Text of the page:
"All that notwithstanding, Nordstrom’s losses of more than one half a billion dollars for the quarter are not chump change."
"This is a hugely impressive result. Given that there is evidence of inventories increasing as new channels are added ... the Nordstrom team should be very proud."

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22 Comments on "Nordstrom crushes inventory optimization"

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Suresh Chaganti

Flexibility and nimbleness is the key. Multiple sales channels (e-commerce, marketplaces and stores) and multiple distribution channels (micro-fulfillment) most certainly helped. Also it’s not without a trade off as discounts pushed the inventory but also impacted margins.

Overall, operational flexibility and a sharp understanding of trade offs seem to make a difference.

Dick Seesel

Retailers faced extreme inventory management challenges in the past few months, but there are some lessons to be learned from Nordstrom’s success worth applying in the “new normal.”

  1. First, the oldest cliche in the retail book is still true — the first markdown is the best markdown. Don’t take a 20 percent markdown and let your inventory die a slow death when conditions call for 50 percent.
  2. Second, leverage your physical locations as mini-warehouses. Nordstrom’s website fulfillment rose to 50 percent from its stores, and I don’t expect that number to fall back to its previous average of 20 percent.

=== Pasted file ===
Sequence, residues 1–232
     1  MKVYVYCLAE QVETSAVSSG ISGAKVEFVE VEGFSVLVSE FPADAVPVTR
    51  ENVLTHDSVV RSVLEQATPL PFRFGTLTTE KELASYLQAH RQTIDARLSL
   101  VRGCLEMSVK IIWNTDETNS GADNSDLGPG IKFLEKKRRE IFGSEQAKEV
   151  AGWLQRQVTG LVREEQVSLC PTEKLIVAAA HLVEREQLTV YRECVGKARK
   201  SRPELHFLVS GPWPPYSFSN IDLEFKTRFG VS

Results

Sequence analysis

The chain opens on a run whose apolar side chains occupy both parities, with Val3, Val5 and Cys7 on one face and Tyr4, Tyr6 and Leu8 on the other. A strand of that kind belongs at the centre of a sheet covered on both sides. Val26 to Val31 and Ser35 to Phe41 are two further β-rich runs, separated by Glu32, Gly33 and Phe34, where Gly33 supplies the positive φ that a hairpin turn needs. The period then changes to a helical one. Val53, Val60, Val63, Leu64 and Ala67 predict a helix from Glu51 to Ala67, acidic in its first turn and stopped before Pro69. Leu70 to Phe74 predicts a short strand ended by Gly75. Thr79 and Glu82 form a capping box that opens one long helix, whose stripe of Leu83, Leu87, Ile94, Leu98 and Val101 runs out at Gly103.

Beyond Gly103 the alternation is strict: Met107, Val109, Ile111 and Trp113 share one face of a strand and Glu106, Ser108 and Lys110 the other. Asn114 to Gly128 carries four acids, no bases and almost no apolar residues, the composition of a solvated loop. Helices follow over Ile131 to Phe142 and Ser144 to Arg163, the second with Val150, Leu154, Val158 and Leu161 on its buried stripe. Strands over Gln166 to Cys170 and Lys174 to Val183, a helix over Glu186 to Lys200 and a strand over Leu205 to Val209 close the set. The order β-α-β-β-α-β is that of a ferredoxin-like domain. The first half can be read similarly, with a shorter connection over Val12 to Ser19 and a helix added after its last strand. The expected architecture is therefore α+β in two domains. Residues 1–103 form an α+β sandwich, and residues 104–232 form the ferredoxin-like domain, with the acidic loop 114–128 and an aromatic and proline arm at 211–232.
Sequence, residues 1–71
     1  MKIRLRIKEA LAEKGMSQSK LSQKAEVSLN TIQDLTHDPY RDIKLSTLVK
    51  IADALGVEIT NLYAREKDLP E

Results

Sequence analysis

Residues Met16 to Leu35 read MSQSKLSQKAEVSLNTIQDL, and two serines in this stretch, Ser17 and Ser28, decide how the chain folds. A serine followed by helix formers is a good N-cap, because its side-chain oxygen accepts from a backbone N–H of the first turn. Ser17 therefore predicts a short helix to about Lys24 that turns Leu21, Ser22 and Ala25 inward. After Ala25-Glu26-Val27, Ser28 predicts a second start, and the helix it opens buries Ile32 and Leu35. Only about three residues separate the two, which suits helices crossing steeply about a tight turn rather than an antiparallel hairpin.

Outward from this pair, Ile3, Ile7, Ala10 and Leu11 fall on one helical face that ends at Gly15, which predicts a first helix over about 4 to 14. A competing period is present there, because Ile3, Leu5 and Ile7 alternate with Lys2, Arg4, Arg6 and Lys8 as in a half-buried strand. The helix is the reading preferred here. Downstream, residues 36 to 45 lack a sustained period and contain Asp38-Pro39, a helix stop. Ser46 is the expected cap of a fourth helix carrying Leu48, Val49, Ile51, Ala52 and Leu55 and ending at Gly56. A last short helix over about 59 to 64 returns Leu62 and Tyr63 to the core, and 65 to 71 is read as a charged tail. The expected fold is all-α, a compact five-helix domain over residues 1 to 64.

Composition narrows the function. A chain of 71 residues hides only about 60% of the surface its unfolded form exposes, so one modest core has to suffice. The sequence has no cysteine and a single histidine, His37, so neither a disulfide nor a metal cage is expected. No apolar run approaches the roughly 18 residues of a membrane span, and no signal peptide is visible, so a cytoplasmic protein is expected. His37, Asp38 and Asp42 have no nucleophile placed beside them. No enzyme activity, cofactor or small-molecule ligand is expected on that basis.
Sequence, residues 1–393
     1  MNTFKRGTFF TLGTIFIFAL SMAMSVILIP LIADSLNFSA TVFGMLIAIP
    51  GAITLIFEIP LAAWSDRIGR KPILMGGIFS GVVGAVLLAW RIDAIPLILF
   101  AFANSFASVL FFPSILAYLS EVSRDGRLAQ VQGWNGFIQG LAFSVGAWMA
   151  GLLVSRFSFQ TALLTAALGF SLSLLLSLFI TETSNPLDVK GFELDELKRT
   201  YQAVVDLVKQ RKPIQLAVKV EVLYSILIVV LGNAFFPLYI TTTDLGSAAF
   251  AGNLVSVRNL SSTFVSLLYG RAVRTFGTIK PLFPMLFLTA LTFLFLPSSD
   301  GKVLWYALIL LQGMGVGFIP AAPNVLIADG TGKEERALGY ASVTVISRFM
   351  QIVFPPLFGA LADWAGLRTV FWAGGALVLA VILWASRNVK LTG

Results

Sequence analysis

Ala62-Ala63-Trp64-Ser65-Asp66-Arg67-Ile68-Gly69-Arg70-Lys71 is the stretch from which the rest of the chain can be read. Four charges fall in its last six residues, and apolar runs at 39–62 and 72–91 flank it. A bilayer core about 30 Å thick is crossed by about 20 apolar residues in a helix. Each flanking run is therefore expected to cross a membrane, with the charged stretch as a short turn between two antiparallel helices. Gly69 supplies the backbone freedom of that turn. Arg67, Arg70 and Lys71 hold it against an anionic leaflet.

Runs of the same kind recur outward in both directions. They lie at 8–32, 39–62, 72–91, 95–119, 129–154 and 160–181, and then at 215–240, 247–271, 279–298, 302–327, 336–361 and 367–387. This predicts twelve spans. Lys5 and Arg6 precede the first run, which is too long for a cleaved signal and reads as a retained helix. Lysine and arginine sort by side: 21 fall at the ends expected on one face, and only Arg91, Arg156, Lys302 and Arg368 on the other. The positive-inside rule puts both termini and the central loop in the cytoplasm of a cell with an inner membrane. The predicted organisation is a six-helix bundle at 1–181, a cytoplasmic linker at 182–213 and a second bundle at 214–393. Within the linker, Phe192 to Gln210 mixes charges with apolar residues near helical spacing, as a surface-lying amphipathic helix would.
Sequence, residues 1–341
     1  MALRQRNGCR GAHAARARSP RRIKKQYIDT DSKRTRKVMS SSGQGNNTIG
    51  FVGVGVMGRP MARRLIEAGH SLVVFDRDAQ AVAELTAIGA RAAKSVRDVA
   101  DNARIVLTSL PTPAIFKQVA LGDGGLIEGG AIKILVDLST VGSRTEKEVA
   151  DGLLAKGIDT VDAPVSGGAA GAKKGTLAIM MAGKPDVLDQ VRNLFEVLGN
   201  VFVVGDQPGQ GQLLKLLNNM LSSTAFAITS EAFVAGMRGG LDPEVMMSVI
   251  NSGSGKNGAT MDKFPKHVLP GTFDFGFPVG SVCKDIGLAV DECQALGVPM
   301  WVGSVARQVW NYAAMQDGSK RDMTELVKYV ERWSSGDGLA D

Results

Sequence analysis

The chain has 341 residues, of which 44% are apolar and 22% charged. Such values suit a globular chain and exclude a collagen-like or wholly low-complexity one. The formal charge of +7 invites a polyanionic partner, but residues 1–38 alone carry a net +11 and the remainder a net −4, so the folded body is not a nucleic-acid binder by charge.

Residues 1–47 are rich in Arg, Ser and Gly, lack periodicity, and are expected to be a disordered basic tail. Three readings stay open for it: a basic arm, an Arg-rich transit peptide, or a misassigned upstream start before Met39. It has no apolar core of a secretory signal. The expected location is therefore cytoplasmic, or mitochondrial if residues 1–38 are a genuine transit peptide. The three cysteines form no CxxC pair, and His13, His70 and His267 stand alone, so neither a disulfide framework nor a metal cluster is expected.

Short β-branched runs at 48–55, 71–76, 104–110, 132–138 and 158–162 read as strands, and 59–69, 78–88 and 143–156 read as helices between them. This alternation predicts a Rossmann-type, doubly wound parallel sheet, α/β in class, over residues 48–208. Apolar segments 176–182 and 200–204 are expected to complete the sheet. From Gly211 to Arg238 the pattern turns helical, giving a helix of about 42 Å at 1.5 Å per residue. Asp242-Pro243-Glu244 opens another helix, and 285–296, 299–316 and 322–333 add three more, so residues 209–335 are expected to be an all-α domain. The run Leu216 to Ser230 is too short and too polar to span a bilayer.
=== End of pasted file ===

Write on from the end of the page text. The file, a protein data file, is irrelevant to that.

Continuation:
3. Finally, Nordstrom was very aggressive about canceling orders, especially to avoid getting hung with seasonal inventory that it can’t sell. There is no substitute for a sense of urgency in the retail business.
Bob Amster

One undeniable albeit obvious fact is that, with three distinct channels/formats i.e. full-price brick-and-mortar, off-price brick-and-mortar, and e-commerce, any retailer has at least one safety valve, sometimes two, to relieve the pressure of excess inventory. Nordstrom is not the only retailer in this position but it is a good position in which to be. All that notwithstanding, Nordstrom’s losses of more than one half a billion dollars for the quarter are not chump change.

Jeff Sward

Nordstrom was smart and proactive on several fronts. I’m guessing the single biggest contributor to the lower inventory was cancelling 80 percent of two months of receipts. That inventory didn’t magically evaporate. It’s sitting somewhere, just not on Nordstrom’s books. So there is more to the story. Nordstrom is in good shape. But cancelling 80 percent of two months of receipts means there is a meaningful list of suppliers that got hammered. The full story on the extended domino effect is not yet fully understood.

Peter Charness